Kitchen Table Radical Libertarianism

This is a thought I was toying with concerning anti-state philosophy and its prospects.  Feel free to say whatever in response:

To put the idea as bluntly as possible, I think at times we talk over folks heads, to the detriment of the long term goal.  This is not to say that deeper philosophical concepts should be abandoned, no.  After all, even the most surface level person lives by some sort of code, as action with no reason is a mark of insanity.  What I mean is that while keeping our eyes firmly on the ball, as I see it there is room for a tactic bent more towards direct meat-and-potatoes issues.

What triggered me to mention this was a thought I had in response to one of the many political ads flittering about on TV.  One of the ads in circulation is about health insurance — specifically, advocating a nationalized form of it — and I ended up saying to myself “wait a minute…the fight over that is government takeover vs the status quo?  WTF, what about anti-state, anti-centralization views?  What do we have to say about this?”.  While there have been mentions of issues like this by the anti-state Left (for example: this Roderick Long piece, albeit from 1993), it seems like there isn’t much in the way of hitting home on them.   In effect, we’re ceding ground on these to statists.

I recall a past argument I had with one of the more open elitists out there.  His view was that I was somehow unrealistic, in that I was arguing for freedom while most people only cared about where their next meal was coming from or the roof over their head — security, in other words.  Obviously this is a false choice, but how many people know that?

Now, before anyone starts warming up their rock-throwing arms, I am not — I repeat, NOT!!! — saying that this should in any way subordinate the big picture, or that ethical principle should be bumped out in favor of utilitarianism.  This is more about positioning to ease skepticism, and introduce localized, non-state solutions for typical concerns.  To more explicitly show where my head is at, take my response to Brad Spangler when he asked about whether to cover the mortgage crisis on his blog (emphasis added):

If only because a larger point about statism can be made through it.

I actually agree with Niccolo on this. People are already skeptical & pissed off, they’re open to new ideas*. The degree of political involvement behind the current messes in housing & finance would shock most people, point it out in a way they can internalize and the status quo discredits itself.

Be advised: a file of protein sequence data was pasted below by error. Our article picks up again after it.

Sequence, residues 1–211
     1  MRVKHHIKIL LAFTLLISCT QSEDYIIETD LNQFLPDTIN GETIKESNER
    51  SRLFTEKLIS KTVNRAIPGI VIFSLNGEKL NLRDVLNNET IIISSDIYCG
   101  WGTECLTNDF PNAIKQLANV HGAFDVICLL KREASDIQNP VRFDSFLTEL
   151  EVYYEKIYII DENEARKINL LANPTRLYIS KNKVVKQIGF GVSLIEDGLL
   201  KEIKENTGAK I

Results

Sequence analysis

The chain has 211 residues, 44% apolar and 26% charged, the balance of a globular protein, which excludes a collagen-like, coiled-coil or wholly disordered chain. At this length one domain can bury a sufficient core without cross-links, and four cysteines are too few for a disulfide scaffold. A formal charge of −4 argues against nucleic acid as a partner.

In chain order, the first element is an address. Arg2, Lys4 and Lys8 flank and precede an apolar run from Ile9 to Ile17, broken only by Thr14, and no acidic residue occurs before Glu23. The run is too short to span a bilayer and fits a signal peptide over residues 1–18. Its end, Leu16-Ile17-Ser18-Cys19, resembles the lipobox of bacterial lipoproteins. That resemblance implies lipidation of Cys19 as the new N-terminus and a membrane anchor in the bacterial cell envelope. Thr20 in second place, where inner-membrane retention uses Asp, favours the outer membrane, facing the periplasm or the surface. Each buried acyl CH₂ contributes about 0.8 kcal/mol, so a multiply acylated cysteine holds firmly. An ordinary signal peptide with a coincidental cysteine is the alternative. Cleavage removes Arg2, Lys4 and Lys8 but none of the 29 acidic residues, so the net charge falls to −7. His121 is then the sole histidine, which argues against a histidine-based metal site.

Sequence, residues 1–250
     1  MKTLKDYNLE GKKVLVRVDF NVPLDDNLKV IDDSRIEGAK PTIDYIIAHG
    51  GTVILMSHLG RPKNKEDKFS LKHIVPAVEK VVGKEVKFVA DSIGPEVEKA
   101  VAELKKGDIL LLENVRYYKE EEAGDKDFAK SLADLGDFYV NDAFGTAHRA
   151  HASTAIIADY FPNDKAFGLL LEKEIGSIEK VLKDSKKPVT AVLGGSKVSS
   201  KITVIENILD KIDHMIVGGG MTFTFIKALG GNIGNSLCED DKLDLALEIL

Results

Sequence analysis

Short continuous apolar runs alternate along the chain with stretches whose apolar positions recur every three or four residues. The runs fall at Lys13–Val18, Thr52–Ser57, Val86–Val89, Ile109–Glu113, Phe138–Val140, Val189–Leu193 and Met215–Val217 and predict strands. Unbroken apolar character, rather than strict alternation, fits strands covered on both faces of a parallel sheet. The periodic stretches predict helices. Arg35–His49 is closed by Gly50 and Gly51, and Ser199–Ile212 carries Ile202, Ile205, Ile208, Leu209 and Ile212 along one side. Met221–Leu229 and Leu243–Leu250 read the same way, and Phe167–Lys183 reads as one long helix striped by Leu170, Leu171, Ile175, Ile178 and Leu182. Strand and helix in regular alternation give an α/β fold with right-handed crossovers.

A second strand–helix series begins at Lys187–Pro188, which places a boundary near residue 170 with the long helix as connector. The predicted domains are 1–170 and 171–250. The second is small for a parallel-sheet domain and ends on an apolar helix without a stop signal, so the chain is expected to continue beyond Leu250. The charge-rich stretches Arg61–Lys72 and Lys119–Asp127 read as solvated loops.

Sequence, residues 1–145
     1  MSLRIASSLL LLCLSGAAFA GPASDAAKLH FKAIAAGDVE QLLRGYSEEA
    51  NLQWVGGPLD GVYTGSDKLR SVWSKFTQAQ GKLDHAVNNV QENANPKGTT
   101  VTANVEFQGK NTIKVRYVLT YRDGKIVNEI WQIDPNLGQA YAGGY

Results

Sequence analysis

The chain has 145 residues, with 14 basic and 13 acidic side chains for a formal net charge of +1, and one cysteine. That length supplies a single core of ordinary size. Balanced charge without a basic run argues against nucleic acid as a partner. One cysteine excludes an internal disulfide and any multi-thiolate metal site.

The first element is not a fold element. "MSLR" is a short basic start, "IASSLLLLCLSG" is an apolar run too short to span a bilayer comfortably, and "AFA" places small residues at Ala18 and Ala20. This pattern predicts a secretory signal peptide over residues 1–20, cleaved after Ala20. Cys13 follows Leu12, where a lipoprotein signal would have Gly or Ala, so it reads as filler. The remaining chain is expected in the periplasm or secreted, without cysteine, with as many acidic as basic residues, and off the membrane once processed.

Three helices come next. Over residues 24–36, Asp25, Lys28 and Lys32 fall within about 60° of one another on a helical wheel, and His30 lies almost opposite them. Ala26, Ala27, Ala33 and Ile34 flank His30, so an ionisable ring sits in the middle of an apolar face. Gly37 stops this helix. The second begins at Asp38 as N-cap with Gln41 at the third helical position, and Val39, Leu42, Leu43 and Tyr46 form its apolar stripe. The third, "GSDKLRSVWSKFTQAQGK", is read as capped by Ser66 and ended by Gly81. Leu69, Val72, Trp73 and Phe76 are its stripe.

(* – new to them I mean.)

It is inherently easier to undermine statism when its negative effects are more obvious.  Explain the problem, and encourage people to avoid the snap appeal to central authority.  Think of it as a recruiting method.

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About b-psycho

Left-libertarian blogger & occasional musician.
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5 Responses to Kitchen Table Radical Libertarianism

  1. Mike says:

    With the context you laid out, I think you’re absolutely right. People are much more likely to be receptive to alternate viewpoints on issues that actually affect them.

    I Brad’s poll had been working properly I would have voted the other way, though, for “Responding to link bait on MA theory”. But that would have been because hearing another dissection of the mortgage crisis from someone who starts from similar principles as mine wouldn’t have been of such great value to me personally.

    Hmmm, I think I’ll go vote again.

  2. vache folle says:

    It would be helpful for libertarians/anarchists to propose solutions that are not predicated on coercion. Folks really do have issues with access to health care, and it doesn’t resonate with them to say “So what? That’s the price of freedom!”

    It isn’t the price of freedom. A large part of the problem is actually caused by state intervention in the health system, and we should point out how ending those problematic programs/rules would help the situation. Also, let’s look at ways that folks can organize in a truly voluntary way to obtain health care and to fund it for the poor.

  3. Jeremy says:

    We definitely talk over people’s heads, but watch out or left libertarians will criticize you as being “anti-intellectual”. I definitely think that one reason (among many others, of course) that many left libertarians disliked Ron Paul’s campaign was the explicit populism of it – that it didn’t try to be the typical braniac libertarian reeducation seminar, but brought people together on issues they could understand that were pro-freedom. We could learn a lot from the Paul campaign, I still think.

    And the other part of this is that a left libertarianism that appeals to politically unsophisticated types helps us hone our leftist credentials. I find many people just want to be engaged instead of talked down to. Attitude is immensely important in coaxing people into frames of mind that allow them to release old, comfortable positions and adopt new, uncomfortable, challenging ones.

    The only difference I have with you is the attitude of recruitment you suggest. I’d suggest instead simply trying to make friends and be friendly. Treat people like they’re real and not just statistics to be factored into a poll, and they’ll open up in a way that allows a real opportunity for learning. You may also learn something yourself!

  4. b psycho says:

    re: recruitment attitude: that line was directed towards the brainiacs, to be honest. I never approach people like anything other than people.

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